Thanks everyone for all the tips and encouragement!

Lynn, when you say "a better finish" what do you mean? Or, maybe I should ask what is a better finish?

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Re: ProKote Epoxy Question
Posted by: Tom Kirkman (Moderator)
Date: October 05, 2017 07:32AM

There is no "better" finish. There are simply different finishes and some may work better for your particular application technique than others.

.........

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Re: ProKote Epoxy Question
Posted by: Gregg Zambrovitz (---.se.biz.rr.com)
Date: October 05, 2017 11:35AM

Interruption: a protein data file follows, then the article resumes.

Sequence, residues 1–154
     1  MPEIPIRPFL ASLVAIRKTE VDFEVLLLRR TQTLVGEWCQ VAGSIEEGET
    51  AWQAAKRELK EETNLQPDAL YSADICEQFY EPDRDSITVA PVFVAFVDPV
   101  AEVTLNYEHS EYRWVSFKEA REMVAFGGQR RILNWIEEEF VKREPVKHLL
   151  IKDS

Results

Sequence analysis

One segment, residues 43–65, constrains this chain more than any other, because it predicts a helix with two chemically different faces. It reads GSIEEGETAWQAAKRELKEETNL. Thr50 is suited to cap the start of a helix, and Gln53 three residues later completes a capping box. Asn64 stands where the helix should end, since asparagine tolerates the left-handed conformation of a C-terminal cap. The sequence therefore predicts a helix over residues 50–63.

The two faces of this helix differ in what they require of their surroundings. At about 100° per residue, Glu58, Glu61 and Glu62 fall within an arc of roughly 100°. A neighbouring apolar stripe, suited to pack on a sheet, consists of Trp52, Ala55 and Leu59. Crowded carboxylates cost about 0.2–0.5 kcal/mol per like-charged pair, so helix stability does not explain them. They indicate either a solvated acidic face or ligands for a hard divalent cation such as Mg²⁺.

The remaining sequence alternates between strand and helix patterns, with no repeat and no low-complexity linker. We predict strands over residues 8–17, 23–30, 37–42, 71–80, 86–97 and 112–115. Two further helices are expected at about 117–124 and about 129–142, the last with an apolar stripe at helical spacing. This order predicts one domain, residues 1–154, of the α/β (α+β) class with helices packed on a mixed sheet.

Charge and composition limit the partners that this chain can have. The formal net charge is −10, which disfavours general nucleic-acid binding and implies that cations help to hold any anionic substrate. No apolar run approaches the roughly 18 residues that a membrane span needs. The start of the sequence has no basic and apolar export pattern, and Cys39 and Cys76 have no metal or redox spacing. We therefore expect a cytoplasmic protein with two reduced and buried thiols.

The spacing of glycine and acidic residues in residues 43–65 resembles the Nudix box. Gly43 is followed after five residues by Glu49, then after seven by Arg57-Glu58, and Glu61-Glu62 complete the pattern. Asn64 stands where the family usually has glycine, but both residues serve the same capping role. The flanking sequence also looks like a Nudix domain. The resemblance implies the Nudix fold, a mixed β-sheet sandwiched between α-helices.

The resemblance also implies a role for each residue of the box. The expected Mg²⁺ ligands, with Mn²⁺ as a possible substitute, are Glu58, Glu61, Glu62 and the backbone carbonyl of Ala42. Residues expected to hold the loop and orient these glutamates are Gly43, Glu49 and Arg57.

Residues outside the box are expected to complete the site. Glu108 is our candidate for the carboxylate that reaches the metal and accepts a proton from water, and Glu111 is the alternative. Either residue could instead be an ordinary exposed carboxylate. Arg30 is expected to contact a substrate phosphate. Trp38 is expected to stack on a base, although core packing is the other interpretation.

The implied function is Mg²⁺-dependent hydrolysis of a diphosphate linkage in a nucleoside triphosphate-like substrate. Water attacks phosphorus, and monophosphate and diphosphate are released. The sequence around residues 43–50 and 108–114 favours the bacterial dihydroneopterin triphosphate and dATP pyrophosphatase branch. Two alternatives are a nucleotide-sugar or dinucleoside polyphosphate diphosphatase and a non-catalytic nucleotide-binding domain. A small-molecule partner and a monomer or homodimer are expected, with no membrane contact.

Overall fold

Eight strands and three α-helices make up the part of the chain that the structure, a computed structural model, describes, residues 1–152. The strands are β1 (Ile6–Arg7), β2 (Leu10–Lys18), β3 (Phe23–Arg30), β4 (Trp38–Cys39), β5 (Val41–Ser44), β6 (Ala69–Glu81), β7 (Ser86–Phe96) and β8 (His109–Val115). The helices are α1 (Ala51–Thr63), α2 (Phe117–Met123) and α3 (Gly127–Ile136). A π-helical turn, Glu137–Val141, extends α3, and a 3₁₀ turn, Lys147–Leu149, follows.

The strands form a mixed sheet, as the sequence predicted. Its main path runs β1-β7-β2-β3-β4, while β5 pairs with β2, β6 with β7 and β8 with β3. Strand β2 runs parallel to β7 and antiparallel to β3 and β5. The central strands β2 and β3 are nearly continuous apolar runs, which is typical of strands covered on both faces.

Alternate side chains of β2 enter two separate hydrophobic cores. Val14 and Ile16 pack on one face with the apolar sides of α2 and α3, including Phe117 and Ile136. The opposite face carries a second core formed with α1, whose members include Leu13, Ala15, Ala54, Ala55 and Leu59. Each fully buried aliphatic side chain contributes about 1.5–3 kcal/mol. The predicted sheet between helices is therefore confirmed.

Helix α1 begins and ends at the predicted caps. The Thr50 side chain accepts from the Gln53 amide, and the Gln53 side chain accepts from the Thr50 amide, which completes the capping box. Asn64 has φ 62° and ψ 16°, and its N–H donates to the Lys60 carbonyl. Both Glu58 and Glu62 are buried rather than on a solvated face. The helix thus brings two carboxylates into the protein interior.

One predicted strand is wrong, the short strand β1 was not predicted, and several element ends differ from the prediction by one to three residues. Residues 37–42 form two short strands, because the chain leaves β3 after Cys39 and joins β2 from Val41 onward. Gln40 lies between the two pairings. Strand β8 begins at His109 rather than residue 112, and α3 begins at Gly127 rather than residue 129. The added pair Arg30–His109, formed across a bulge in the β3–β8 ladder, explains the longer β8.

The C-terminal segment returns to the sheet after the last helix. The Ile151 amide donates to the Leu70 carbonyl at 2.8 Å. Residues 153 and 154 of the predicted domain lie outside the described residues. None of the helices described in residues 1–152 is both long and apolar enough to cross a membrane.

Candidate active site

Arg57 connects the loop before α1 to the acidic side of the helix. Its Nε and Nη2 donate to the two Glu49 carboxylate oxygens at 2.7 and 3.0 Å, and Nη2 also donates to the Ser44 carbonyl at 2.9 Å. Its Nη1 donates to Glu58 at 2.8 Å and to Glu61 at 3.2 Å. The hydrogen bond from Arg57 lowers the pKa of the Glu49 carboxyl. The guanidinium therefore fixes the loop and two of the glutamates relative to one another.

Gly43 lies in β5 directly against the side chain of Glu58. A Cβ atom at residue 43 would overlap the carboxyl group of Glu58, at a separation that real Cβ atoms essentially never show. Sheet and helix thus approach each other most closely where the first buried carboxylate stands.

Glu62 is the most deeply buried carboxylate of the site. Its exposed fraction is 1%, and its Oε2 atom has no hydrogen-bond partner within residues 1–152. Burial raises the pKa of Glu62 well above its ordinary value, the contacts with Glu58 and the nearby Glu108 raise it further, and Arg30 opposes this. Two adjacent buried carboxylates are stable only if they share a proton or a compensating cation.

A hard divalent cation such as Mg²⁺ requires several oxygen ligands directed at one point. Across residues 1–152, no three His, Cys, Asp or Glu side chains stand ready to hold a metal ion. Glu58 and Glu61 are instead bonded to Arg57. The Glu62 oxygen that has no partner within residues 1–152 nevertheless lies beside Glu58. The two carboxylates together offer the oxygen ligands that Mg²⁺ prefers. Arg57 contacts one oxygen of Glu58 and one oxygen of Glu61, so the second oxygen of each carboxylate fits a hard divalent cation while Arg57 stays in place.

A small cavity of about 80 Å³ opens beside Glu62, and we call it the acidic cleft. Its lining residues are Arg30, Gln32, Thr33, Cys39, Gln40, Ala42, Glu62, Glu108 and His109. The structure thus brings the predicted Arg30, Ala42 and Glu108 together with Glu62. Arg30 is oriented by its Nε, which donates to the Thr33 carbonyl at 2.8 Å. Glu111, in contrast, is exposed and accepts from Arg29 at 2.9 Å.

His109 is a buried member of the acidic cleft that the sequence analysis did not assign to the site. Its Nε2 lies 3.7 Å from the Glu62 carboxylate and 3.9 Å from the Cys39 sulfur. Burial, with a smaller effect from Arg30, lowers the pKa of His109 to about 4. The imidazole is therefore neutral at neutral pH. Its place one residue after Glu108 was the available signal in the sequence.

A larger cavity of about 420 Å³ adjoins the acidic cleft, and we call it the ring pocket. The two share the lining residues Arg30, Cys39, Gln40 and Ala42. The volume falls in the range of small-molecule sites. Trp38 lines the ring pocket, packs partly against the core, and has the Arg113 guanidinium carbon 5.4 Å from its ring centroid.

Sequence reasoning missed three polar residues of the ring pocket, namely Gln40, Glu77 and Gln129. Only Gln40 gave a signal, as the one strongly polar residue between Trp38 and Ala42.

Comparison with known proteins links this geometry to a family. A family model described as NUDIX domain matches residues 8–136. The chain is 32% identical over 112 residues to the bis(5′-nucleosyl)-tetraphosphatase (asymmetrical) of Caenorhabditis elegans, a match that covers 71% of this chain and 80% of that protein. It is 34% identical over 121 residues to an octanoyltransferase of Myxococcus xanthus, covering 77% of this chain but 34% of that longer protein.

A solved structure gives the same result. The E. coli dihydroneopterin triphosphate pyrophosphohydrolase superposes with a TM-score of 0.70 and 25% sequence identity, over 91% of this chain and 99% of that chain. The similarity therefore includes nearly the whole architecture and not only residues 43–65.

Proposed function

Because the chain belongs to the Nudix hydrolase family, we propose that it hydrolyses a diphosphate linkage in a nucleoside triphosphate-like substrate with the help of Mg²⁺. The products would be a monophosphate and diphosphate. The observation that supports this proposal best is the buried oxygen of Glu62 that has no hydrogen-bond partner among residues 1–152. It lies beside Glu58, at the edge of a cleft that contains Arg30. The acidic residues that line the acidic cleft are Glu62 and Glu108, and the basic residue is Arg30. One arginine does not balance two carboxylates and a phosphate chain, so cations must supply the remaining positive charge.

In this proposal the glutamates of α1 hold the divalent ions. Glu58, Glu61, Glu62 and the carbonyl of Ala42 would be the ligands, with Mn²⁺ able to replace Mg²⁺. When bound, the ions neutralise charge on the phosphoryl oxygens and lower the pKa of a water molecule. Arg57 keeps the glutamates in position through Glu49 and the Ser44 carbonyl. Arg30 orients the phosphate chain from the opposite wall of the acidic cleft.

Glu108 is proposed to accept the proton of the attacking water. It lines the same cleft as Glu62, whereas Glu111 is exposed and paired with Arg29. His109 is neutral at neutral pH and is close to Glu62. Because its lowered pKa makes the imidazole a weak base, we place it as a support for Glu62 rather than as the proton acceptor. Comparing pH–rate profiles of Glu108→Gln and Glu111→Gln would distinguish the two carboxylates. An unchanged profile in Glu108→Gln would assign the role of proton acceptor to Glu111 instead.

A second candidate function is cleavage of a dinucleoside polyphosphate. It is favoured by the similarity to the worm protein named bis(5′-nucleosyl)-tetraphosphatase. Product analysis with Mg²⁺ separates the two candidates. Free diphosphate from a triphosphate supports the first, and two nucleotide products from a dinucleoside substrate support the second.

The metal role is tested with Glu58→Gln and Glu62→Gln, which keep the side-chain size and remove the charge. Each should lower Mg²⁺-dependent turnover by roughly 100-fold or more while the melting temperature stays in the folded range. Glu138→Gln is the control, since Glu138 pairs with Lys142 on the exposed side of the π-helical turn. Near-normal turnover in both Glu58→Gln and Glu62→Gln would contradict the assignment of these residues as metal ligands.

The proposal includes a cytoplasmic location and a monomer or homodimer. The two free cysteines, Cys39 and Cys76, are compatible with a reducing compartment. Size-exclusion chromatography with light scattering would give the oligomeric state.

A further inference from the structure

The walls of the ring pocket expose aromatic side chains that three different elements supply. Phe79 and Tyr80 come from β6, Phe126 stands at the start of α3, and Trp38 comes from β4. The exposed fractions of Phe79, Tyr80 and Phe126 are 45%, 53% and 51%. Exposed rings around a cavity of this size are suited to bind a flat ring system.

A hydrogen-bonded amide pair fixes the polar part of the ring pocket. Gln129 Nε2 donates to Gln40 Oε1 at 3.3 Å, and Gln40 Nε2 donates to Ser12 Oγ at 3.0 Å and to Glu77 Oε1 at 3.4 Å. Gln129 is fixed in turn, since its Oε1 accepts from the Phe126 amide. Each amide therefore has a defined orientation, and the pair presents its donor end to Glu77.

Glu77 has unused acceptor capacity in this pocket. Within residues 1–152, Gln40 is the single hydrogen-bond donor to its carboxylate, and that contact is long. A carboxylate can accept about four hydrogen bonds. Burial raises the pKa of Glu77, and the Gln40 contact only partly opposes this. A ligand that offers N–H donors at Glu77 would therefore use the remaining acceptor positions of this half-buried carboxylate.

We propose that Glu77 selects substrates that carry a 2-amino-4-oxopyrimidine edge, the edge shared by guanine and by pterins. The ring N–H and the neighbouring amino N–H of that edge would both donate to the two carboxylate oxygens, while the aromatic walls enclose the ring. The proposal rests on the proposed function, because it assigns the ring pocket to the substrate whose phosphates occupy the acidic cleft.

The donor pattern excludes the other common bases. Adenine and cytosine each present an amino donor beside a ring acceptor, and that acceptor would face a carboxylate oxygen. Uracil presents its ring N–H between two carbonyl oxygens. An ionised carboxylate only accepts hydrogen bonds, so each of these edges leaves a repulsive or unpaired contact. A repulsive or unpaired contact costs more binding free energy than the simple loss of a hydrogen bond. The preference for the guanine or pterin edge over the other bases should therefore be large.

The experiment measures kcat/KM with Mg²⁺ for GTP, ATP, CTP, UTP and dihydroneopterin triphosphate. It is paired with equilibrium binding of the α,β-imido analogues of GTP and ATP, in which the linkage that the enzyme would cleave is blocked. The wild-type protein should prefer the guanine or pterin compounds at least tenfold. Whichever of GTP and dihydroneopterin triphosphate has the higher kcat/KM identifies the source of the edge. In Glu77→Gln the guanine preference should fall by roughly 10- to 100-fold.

I think Tom's last comment is important to keep in mind - there is no "better" finish - depends on application, and personal preferences.

Personally, I like a one coat finish, and I have built dozens of rods that look and work fine. However, after it sets, there have been times I will go back and apply a second thin coat because some of the wraps (especially on the larger guides) would benefit from it.

I use ProKote mostly, but I also Thread Master - for me they both worked fine. In the end, whether you do one, two, or three coats - there is a way to make all work functionally and aesthetically.

Prokote: [www.mudhole.com]



Edited 1 time(s). Last edit at 10/05/2017 11:37AM by Gregg Zambrovitz.

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Re: ProKote Epoxy Question
Posted by: Lance Schreckenbach (---.hfc.comcastbusiness.net)
Date: October 05, 2017 11:37AM

Mathew Paul wrote about Flexcoat High Build; "I my self use the high build and apply a thin coat and then follow it up with a second coat and it comes out prefect every time."